SOLD FOR: $3200
Make: Winchester Repeating Arms
Model: 1894 Takedown Rifle
Serial Number: 138861
Year of Manufacture: 1898
Caliber: .32-40 Winchester
Action Type: This rifle has a lever action with a full-length tubular magazine.
Barrel Length: 26″, Octagonal
Sights / Optics: The front sight is a german silver blade in a slotted base dovetailed and screw-set to the front of the barrel. The rear sight is a “V”-notch semi-buckhorn elevator sight dovetailed to the rear of the barrel, the notch is fine-adjustable for elevation. The top tang is drilled, tapped and filled for a tang sight (none present).
Stock Configuration & Condition: The stocks are 2-piece smooth walnut with capped forend, straight grip, straight comb and steel crescent buttplate. The stocks have scattered light nicks and scratches with a few more notable marks. There are a few minor grain-line cracks opening up, mostly at the rear of the forend. There are no chips. The LOP measures 12 7/8″ from the front of the trigger to the back of the buttplate. The plate has mostly worn to white with scattered discoloration from oxidation. Overall, the stocks are in Very Good-Fine condition as Antique.
Type of Finish: Blued
Finish Originality: Original
Bore Condition: The bore is gray with well defined rifling. There is light erosion scattered through the bore with some minor pitting. In this writer’s opinion, the bore rates 5 or 6 out of 10.
Most antique firearms have bores that will show erosion. This is not only due to age but to the use of black powder. When fired, black powder reacts corrosively. NRA Antique Firearm Conditions Standards are quite lenient for bores. In some cases the NRA standards disregarded the bore’s condition for collectors firearms.
Overall Condition: This rifle retains about 75% of its metal finish. The finish is thinning at all edges. There are scattered nicks and scratches, more on the receiver but the most notable are on the barrel. There is handling wear in the tangs and lever. There are some areas of strong color on the lever. There is scattered minor surface oxidation. The action shows operational wear. The screw heads range from sharp to lightly tool marked with strong slots. The markings are clear. Overall, this rifle is in Fine-plus condition as Antique.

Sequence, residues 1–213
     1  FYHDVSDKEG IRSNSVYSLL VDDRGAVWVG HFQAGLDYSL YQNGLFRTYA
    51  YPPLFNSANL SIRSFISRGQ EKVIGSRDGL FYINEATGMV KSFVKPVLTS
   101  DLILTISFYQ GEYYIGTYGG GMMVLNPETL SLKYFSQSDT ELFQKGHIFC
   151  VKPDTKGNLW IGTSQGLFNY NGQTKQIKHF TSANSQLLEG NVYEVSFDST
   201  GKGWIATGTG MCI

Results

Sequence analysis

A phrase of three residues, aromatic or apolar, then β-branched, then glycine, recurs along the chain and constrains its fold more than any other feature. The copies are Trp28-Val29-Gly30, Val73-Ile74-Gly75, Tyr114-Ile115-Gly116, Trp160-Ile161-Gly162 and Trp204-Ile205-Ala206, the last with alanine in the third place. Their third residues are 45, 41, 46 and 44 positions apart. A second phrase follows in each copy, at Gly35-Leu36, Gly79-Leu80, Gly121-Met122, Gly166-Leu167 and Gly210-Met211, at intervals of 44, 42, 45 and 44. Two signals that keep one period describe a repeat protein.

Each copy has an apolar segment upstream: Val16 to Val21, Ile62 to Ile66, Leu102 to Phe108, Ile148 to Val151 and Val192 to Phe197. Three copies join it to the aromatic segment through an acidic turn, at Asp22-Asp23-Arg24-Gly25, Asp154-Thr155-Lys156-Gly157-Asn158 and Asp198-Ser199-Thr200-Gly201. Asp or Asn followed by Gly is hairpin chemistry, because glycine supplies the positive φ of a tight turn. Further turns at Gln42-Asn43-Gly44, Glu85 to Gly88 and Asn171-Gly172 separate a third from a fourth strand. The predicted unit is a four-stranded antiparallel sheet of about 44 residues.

Mechanics: The action functions correctly. The rifle takes down fairly easily, but there is no play when the barrel is installed. The hammer has a half-cock safety and there is a lever safety. The trigger is crisp. We did not fire this rifle. As with all used firearms, a thorough cleaning may be necessary to meet your maintenance standards.
Box, Paperwork & Accessories: None
Our Assessment: The Winchester Model 1894 rifle followed the other John Browning designed lever action rifles to become one of the most famous and popular hunting rifles of all time. It was the first commercial sporting rifle to sell over 7,000,000 units, making the name “Winchester” synonymous with all lever action rifles. It was also the first commercial American repeating rifle built to be used with smokeless powder. It was introduced in 1894 in two black powder cartridges, the .32-40 and .38-55 Win. rounds, but by the next year Winchester had developed a different steel composition that could handle higher pressures, and the .30-30 Win. family of cartridges was born.
This is a Winchester Model 1894 Takedown rifle made in 1898 with a 26” octagonal barrel and chambered in .32-40, one of the original cartridges for the model. Essentially the same as the Ballard cartridge of the same designation, the .32-40 was a popular chambering for target rifles in the black powder era, but was mostly over-shadowed by smokeless powder chamberings shortly after the 1894 was introduced. This example is in Fine-plus condition as Antique, retaining much of its original finish and showing honest wear given its age and intended use. Whether you’re looking to add a Winchester to a collection or looking for a classic American rifle, you can’t go wrong with this vintage American lever gun. Please see our photos and good luck!
Please forgive any typos, I was educated in California. -Bud